Joe’s Journal: On Learning How to Learn

“Managing oneself is a REVOLUTION in human affairs. It requires new and unprecedented things from the individual, and especially from the knowledge worker. For, in effect, it demands that each knowledge worker think and behave as a chief executive officer. It also requires an almost 180-degree change in the knowledge workers’ thoughts and actions from what most of us still take for granted as the way to think and the way to act.”

–Peter F. Drucker

Peter Drucker recognized that we are living in a time characterized by rapid change, the likes of which we have never seen before. The lessons are clear: Keep up on your field or face obsolescence. Success in this era of a global knowledge society requires that one create his or her future rather than becoming a victim of change.

A good way to ensure that is to learn how to learn. As knowledge itself is becoming obsolete very rapidly, it is essential for knowledge workers to build on their capacity for learning through useful aids such as reading synoptically, which I have discussed before. This will help you trace a topic through multiple books by getting the questions clear and by imposing those questions on various authors.

Second, become an expert in using information technology to improve the effectiveness of using your time. Understand where to look for the information you need and how to gather the elements for fully understanding a subject. For example, to understand Drucker on social responsibility you must read all of his books dealing with the topic and see where he ended up, which in my opinion is defining “Good Capitalism” versus “Bad Capitalism”; recognizing the limits of government; and encouraging professional management in the social sector.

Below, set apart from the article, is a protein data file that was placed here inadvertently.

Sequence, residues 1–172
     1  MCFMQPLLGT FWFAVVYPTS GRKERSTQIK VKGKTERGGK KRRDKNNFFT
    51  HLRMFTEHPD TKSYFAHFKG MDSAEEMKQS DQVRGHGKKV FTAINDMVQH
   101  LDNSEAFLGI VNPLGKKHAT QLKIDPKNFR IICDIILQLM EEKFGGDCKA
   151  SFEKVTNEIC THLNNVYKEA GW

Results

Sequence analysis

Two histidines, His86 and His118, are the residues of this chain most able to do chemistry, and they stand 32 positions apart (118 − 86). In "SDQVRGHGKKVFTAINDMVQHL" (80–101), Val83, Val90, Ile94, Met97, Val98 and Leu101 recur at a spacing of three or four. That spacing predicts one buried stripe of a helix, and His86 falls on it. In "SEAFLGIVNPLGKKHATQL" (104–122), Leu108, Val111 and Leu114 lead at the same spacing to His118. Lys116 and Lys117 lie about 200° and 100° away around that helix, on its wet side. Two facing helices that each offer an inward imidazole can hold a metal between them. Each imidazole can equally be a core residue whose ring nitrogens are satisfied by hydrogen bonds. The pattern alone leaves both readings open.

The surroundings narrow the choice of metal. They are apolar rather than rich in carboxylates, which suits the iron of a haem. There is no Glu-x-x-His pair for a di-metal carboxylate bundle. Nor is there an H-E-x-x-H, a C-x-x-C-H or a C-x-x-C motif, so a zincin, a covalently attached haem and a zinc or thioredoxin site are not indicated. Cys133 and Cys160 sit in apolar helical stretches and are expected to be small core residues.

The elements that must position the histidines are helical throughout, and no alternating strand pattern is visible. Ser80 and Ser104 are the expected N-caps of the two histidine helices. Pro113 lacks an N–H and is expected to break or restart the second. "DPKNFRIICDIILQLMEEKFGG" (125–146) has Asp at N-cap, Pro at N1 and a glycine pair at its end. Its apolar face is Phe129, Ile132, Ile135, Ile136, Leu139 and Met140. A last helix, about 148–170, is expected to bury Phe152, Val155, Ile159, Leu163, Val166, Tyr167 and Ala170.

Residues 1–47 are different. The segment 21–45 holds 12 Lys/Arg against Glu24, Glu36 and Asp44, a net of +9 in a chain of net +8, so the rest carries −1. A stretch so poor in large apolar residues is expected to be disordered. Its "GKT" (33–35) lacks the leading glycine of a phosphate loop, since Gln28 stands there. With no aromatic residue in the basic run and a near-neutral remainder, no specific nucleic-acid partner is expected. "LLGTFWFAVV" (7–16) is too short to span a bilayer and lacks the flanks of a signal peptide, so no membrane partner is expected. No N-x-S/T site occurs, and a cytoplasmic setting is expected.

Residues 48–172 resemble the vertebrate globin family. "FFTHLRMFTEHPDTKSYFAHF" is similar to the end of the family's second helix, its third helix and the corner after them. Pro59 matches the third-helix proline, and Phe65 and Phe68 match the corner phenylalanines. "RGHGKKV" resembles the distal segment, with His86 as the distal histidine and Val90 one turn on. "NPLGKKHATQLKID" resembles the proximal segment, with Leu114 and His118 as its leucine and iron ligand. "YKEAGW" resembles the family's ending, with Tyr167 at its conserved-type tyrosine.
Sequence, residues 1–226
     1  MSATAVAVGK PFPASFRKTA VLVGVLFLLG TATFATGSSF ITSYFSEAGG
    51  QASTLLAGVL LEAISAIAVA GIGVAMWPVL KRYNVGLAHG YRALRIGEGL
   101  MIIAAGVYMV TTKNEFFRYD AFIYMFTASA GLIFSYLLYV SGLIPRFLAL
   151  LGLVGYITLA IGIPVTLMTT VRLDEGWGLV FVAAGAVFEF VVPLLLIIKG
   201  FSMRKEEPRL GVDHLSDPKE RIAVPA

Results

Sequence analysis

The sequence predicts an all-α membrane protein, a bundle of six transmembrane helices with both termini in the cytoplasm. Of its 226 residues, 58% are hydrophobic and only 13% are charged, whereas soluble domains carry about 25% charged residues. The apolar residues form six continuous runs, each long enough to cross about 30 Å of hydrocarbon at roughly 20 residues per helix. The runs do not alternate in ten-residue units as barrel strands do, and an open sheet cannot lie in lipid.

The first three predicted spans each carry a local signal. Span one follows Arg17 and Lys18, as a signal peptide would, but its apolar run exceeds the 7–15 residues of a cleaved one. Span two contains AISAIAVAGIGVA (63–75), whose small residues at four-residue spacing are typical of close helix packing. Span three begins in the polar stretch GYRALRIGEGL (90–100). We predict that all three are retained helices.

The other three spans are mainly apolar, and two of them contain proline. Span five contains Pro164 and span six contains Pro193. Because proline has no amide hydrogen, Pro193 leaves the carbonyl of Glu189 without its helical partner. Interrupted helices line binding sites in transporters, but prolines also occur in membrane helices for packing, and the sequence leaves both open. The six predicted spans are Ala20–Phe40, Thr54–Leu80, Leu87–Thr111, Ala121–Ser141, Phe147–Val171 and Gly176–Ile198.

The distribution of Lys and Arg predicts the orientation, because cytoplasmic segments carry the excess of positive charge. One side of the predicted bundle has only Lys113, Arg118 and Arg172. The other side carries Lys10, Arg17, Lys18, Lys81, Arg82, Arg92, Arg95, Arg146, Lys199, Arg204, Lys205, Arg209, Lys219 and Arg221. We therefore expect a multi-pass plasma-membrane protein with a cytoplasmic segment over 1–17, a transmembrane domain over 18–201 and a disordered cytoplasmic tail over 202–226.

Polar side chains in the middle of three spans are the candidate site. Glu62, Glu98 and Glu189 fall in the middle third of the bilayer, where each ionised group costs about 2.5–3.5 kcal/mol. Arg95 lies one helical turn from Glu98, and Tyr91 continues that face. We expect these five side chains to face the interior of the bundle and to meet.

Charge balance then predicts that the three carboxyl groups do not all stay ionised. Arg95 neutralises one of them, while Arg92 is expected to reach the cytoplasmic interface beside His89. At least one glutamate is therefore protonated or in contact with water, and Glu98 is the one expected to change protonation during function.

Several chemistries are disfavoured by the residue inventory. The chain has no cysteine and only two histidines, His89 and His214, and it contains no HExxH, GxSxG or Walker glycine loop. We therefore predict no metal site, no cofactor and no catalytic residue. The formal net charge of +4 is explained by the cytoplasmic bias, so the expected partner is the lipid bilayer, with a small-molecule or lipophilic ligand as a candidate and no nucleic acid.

Next, stretch yourself to learn a subject you did not know before and by which you were intimidated.

Then finally, you will need to ask yourself essential questions such as, “Where am I likely to make my best and most satisfying contribution?” Seek areas outside your current organization to act on the answers. Try to achieve work-life balance when all of the pressures are running the other way.

Remember, wealthy people are not always happy people. So, be sure that you know the answer to “How much is enough?” Then try to fulfill the deepest longings of your nature.

All of this means that we should think like effective executives as we manage ourselves, and not limit that thinking only to how we manage our organizations.

—Joe Maciariello